Stu and Tim are/were in the armed forces, I'm going to their house's.


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PostPosted: Sun Jan 09, 2011 7:55 pm 
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"Markets can remain irrational a lot longer than you and I can remain solvent." from A. Gary Shilling, Forbes (1993) v. 151, iss. 4, pg. 236.

Quote:
Gold at $1400 is up 450% from the Aug ’99 low. From 1982 to 2000, the NASDAQ rose 3000% and the DJIA rose 1400%. From 1978 to 1989, the Nikkei rose 700%. From July ’98 to the high in July ’08, crude oil rose 1245%. From its low in Nov ’01, copper has risen 605%. I’m not calling a bubble in Apple but its up by 4850% since 2003 for the obvious reasons. Thus, just because an asset is higher and has done well for years doesn’t mean its a bubble, YET, and this gold rally which I’ve been bullish on for many years, still has room to run.
-Ritholtz


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PostPosted: Sun Jan 09, 2011 8:00 pm 
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Thats true, but if something is at an all time high, then you should not invest in it.


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PostPosted: Sun Jan 09, 2011 8:27 pm 
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Jebus wrote:
Thats true, but if something is at an all time high, then you should not invest in it.

I can't argue with that. But if we just look at the macro situation, you can see risk is high in Europe. That could lead people in Europe to think that they need to hold gold even though the risk looks more like deflation than hyperinflation (to me).
For me, the specific problem with gold is that the general public is talking about it. Reminds me of back in 1999 when the bag boy at the grocery store gave me a stock tip. Or in 2005 when everyone I knew in the US owned 2 or more houses. Or like right now in China, where peasant farmers are taking out mortgages. When investing you always have to ask: 'to who am I going to sell this stuff?'


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PostPosted: Sun Jan 09, 2011 8:51 pm 
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partially random:

i have made four non-cash (not term deposit/bank account) attempts at investing to far. of these

1st shares: company became insolvent. oops.
2nd index fund: i didn't have the wisdom of jebus and bought at the top of the market - value crashed, but is slowly improving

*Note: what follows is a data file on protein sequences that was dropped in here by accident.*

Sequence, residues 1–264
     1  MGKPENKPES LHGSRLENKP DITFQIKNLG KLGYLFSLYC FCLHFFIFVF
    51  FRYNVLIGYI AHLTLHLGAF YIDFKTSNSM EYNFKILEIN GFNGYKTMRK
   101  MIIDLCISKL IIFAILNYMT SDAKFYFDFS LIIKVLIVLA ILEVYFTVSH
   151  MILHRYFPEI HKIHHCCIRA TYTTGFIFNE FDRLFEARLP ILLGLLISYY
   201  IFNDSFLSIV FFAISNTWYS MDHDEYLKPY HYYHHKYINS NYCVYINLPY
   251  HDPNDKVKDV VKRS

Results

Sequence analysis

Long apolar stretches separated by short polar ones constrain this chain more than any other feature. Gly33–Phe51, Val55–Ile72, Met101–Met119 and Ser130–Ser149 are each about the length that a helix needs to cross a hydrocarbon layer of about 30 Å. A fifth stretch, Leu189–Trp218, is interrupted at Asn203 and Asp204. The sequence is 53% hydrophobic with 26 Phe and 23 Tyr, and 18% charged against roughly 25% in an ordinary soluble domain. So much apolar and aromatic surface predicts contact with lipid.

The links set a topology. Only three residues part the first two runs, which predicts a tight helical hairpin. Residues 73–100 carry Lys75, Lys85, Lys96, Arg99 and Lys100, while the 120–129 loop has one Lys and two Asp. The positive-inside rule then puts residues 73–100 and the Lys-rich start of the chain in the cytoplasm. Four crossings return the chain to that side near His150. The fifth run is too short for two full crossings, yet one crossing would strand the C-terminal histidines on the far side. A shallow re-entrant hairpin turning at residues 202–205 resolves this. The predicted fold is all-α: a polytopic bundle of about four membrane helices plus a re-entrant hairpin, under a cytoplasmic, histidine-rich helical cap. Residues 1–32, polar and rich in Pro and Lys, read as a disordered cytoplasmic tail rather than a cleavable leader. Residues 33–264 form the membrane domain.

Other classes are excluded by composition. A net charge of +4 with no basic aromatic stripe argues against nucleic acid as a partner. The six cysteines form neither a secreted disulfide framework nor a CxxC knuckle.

3rd & 4th: shares deflated, but are slowly improving.

surviving shares are in alcohol and gambling...

inspires great quote from monty python - 'investment advice? bring back martial law and go into rope'...


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PostPosted: Sun Jan 09, 2011 8:54 pm 
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Good choice, Eric, at least w/me anyway, When the bottom falls out, and we need gold or silver to barter, I'm locking and loading, and battoning down the hatches.
Tim


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PostPosted: Sun Jan 09, 2011 9:40 pm 
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TimD wrote:
Good choice, Eric, at least w/me anyway, When the bottom falls out, and we need gold or silver to barter, I'm locking and loading, and battoning down the hatches.
Tim

And what will you be buying with gold and silver? Tuna and bullets....
Let's think this through a little. Do you really think the world's central banks are going to permit people with gold to unseat the global economic infrastructure? If anything you should probably consider a more likely alternative reserve currency. It certainly won't be gold. Why not just hold oil equities? They're priced in dollars, pay interest and represent a genuine resource that's a hedge against inflation. Even having a holding tank of gasoline in your backyard make more sense than coins. But if you really think the bottom is going to fall out it makes more sense to trade in small quantities of protein... cans of tuna. And if the bottom doesn't fall out, you can eat your "investment".

There's another option of course, don't batten down the hatches -- move your hatches to where the bottom hasn't fallen out. Be one of the 20% of Americans with a passport....